Peter Oh, no, it’s time for the Primus stove test. They’re ready to go. Is that the tricky bit? Thank you guys, it’s really good. Are you feeling cold now? You’re looking like you’re shivering a bit now.

Lab assistant Yes, just a little bit cold.

Peter Have you ever been this cold before?

Lab assistant No, I can’t say I have.

Peter It’s crunch time: How did I do overall?

Dr Joe Laydon Well, not the best, I’m afraid. You know, I think one of the one of the tellers really was from the outset was the task on the treadmill. You know, as soon as we popped that additional weight on, physically that was quite challenging. So I think in comparison with Sam, where he more or less had not much of a change in energy expenditure, because he’s quite used to that sort of load carriage.

Peter You’re saying very politely that I may be just a little bit past it?

Joe No, I don’t think we can say you’re past it, but I think you’re not there at the moment. So maybe a bit of work to be done and you can get back to there.

Walking Pole

Peter completing the letters and numbers test. Photo: © F.Hardy

Peter You think so?

Felice He hasn’t got long, though, to do that in.

Joe Well, that’s fine. Then obviously when we’re in the chamber, we could feel the cold and that task in itself – just trying to put the transit together – in the lab and the normal environment, where you’re comfortable, you’re fine. You can focus solely on just putting that transit together. But when you’re sat in front of the fan in a -20° environment, where you’re cold and you think, ‘I need to do this quickly,’ that’s when your mind starts to wander off to other things: about the discomfort, about the loneliness or whatever. Then the ability to do that simple task just goes out the window, which you saw yourself as well.

Peter So what’s the ideal sort of weight and age for someone to do something like walk across the Antarctic?

Joe Oh, a good question. I think it’s a difficult one to answer that really, because we know that, you know, young people have got high levels of aerobic fitness but they don’t necessarily have the stamina and the mental resilience to undertake a task like this. As people develop that mental resilience, they start to lose the physical fitness. So it’s a fine balance, I would say.

Peter Somewhere in your 30s might be the more ideal time.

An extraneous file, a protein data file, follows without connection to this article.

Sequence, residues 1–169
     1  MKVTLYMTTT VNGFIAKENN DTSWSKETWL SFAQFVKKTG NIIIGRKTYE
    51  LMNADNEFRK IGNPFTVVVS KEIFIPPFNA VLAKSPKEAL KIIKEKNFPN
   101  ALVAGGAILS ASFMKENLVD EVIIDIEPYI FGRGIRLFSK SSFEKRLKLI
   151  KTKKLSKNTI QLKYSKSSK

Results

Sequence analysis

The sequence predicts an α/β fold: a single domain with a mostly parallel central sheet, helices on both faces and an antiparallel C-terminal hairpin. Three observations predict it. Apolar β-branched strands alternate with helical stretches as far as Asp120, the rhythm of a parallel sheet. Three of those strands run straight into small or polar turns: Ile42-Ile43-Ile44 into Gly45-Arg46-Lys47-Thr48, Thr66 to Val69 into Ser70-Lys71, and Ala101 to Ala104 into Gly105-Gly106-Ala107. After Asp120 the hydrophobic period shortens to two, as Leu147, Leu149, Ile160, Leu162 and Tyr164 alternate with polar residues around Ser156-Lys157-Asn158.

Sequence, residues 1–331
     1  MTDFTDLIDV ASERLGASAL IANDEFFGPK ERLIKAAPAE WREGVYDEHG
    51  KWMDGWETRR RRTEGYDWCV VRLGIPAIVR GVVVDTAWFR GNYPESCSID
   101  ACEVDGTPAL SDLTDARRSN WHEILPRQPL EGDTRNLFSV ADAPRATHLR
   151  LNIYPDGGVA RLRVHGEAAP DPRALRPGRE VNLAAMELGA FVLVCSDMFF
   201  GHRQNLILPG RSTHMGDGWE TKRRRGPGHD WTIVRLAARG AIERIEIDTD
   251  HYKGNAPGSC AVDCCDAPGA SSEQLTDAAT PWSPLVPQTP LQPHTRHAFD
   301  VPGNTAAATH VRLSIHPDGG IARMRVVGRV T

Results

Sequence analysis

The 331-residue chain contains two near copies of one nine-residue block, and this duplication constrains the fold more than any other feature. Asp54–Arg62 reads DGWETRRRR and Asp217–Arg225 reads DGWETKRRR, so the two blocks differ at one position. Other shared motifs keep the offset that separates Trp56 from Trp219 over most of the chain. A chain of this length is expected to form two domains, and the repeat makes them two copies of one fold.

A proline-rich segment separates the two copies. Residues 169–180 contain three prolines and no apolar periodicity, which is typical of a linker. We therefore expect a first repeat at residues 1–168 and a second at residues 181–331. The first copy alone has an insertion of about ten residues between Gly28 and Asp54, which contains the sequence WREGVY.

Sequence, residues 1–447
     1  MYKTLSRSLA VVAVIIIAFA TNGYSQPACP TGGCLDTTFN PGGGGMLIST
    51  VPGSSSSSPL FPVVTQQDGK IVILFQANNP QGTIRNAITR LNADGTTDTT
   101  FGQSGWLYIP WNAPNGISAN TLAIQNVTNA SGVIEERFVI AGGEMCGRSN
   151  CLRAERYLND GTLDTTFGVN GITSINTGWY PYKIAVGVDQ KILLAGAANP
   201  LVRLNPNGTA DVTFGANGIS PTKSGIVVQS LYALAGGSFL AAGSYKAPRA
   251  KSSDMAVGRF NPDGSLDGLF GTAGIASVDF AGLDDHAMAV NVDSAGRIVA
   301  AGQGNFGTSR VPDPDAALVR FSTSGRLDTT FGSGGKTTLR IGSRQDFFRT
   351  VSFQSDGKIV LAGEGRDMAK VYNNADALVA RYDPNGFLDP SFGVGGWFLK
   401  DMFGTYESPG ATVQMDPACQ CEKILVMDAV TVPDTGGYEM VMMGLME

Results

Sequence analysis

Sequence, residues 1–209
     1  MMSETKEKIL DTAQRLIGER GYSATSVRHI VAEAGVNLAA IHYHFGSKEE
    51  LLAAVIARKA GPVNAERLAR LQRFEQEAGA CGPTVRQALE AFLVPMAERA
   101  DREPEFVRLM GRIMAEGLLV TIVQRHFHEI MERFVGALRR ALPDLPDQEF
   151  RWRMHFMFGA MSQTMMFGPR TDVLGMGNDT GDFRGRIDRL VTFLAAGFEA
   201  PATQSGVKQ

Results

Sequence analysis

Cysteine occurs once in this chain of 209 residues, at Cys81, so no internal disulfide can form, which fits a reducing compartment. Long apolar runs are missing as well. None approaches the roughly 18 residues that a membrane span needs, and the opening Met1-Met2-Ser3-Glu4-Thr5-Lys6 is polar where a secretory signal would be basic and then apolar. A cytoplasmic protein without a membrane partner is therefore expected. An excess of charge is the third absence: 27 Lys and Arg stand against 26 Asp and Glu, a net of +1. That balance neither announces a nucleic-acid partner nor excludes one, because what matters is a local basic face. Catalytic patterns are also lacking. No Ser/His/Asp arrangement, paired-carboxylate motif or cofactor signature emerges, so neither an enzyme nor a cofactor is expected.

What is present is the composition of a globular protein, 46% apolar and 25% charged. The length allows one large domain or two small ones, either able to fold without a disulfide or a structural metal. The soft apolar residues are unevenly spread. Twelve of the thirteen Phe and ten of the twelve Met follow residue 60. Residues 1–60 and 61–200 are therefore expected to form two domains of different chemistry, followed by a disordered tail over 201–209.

Joe I think probably, somebody like Sam who is in a good physical prime but has a lot of experience with his military background and has been in that environment before. He knows how to deal with the challenges. So I wouldn’t say that there’s a necessary age, but I think it’s about the elements of preparation that are key.

Felice How much training does Sam do?

Joe Oh, that’s a good question. I think he probably trains most days a week, but my understanding is the work that he’s been doing has been working at a lower intensity and looking at that duration.

Peter Presumably there’s a question of stability, that you’re reaching the same level, you’re burning up the same number of calories going at the same speed. Your heart’s remaining much the same.

 Joe So as the fitness improves and fitness develops, one of the things that changes is your ability. You increase your ability to burn fats. You become more efficient at transporting oxygen around the body. You can essentially conserve that carbohydrate availability. That’s one of the things that we were testing on the on the treadmill. We find that when Sam got on to the treadmill, we put that additional load on, his increase in carbohydrate utilisation didn’t change by much. I think it was maybe a 10% increase.

Peter In my case, a lot.

Joe I think you were up to about 40% of increase. So a considerable shift towards carbohydrates. And if you think about somebody doing a marathon, they talk about ‘hitting the wall’ and that hitting the wall is really when they get to that carbohydrate depletion. You know, we’ve normally got that sort of intensity, about 90 minutes’ worth of carbohydrate availability. Unfortunately because of the intensity, you stepped into that, you’d be hitting the wall quite quickly.

Peter In the first ten minutes.

Felice So if someone wants to come and do this and come and train and see what the conditions are like, can they do that? Can someone just book?

Joe Yes, we’ve got a great facility here. It’s open to the public. We’ve got sports science support services, we’ve got clinics next door where we can look at prehabilitation rehab. You know, we can do the fitness testing. We can look at aerobic capacity, body composition, undertake health checks.

Peter As a doctor, how did you get into this?

Joe Well, I initially I started off…I had a background in outdoor pursuits. I used to be outside in the cold and in the heat, and really that was what drove my interest in it – in terms of what makes people get involved with this and how do we cope with it? Just purely from a fascination, in terms of how I could deal with it myself. Then as I was working in the outdoors, I saw a lot of people struggling with the heat and struggling with the cold – when I was mountaineering. So that’s where it came from. Then I got interested in the physiology and I found that even more fascinating, just in terms of how our body works and how we can respond and adapt to these different changes.

Peter It’s come a long way in the Antarctic since Scott and Shackleton.

Joe Well, I think physiologically we probably haven’t changed that much, but technologically we’ve got much more sophisticated equipment and clothing and textiles and the ability to carry loads. The food:  I think Sam has got a great example of he’s got a really well considered nutrition ration packs. We’re looking at having the right percentage of carbohydrates and fats. We’ve got questions about digestibility. You know, food tolerance is a key as well because trying to consume, you know, 7,500, 8,000 calories a day is quite a challenge. I think Mike Stroud, when he when he went across the Arctic, they carried a lot of fat. Mike Stroud and Ranulph Fiennes actually they struggled – the palatability was an issue. So now we’ve got to the position where we’ve got ration packs that have got palatable food, but the right combination of fat, carbs and proteins.